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Safety Information

Dealing with Panic (Mar 2009 newsletter)

by Ted and Joyce Strutz

I can almost smell it! I've noticed tinges of it in the air! What you ask? Why, riding season of course. Time to start working the kinks out and thinking about getting the cobwebs off the bike. That could also be said of our minds. Time to think about getting our minds in gear for the riding season.

Did you know that panic is one of the big causes of motorcycle crashes? If you don't stay focused and keep a clear mind, chances are you will focus on the wrong thing and that is when the accident starts to happen. Let's say you go into a corner a little too hot. Then you find out it is a tighter corner than you thought it was. Right at that point when you realize those things it is really easy for panic to take hold. The worst thing you can do is to focus on the imposing danger.

What we need to do, at the point of panic taking over, is to recognize what is still working in our favor. By training ourselves to do that it can significantly improve our chances of survival. We must discipline ourselves to push aside the threats that are screaming at us and concentrate on the important stuff. Still got grip? Excellent! Now focus on the exit to the curve and ride to it.

If you get yourself stuck in an escalating panic situation, what we tell ourselves will most likely become a self-fulfilling prophecy. If all we can think is that we are going to crash, then we probably will. If we fixate on them impending threat, we will likely ride smack into what we really want to avoid. We need to replace fear and panic with positive thinking. Following are five tips to make survival easier.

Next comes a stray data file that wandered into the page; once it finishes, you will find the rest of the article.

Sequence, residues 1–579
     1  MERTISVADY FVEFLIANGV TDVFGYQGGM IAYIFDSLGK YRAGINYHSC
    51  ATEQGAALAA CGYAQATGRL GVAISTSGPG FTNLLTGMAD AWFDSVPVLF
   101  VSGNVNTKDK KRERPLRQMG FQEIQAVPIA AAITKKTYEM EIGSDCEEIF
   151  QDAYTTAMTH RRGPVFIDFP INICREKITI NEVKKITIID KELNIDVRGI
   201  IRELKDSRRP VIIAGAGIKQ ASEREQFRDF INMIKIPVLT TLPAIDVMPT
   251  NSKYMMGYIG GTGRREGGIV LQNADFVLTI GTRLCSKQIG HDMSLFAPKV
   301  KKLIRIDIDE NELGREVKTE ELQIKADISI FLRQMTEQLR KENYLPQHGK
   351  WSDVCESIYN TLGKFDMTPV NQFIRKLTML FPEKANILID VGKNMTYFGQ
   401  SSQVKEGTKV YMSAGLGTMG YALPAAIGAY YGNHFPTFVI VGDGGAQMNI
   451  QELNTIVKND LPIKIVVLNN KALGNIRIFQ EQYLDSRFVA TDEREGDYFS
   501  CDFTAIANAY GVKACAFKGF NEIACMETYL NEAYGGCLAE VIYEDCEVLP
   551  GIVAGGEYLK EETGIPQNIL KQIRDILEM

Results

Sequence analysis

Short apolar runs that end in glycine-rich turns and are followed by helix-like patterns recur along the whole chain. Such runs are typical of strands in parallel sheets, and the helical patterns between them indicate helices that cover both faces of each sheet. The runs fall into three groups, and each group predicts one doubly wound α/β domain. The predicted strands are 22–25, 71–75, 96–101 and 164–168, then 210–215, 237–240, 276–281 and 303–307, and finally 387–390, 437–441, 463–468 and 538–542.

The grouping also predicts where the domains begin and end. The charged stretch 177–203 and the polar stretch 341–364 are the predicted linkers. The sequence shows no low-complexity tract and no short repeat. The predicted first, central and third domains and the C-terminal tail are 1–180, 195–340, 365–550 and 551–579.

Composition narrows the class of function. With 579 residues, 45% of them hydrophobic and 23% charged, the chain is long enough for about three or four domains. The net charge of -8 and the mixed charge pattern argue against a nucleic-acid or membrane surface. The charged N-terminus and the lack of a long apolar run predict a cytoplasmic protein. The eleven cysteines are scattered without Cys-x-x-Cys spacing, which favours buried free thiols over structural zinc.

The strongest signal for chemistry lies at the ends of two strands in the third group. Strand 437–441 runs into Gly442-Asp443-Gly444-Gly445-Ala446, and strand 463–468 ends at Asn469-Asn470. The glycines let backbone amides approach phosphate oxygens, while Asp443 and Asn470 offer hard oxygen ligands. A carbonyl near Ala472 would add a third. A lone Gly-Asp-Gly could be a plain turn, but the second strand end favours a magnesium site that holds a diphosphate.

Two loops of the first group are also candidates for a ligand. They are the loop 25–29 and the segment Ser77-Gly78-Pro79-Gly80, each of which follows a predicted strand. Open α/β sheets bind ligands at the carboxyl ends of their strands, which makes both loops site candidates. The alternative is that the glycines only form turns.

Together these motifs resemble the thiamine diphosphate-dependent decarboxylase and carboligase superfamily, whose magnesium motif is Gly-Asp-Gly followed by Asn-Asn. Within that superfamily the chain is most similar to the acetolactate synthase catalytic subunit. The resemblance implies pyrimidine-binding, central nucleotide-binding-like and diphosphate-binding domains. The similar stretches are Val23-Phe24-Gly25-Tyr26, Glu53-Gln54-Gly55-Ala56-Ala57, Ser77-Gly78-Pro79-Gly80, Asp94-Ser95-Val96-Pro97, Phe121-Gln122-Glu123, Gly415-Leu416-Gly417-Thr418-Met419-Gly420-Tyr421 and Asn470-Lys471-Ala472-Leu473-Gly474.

· Avoidance is the best way to reduce the stress of a panic situation. Entering a blind curve remember the saying “Slow in and out with a Grin".
· Concentrate on what is working in your favor. Have confidence and stubbornly refuse to accept crashing as an option.
· REMEMBER, you go where you look. Don't live by the saying " We came, We saw, We crashed into it" Look away from the threat and look toward the solution.
· Do not hold your breath. That increase panic and tightens your muscles. Let out a deep sigh and let yourself relax into the bike. This will help put you back in control and build confidence.
· If you have traction, use it! Our bikes have enough reserve there to get us through most situations.

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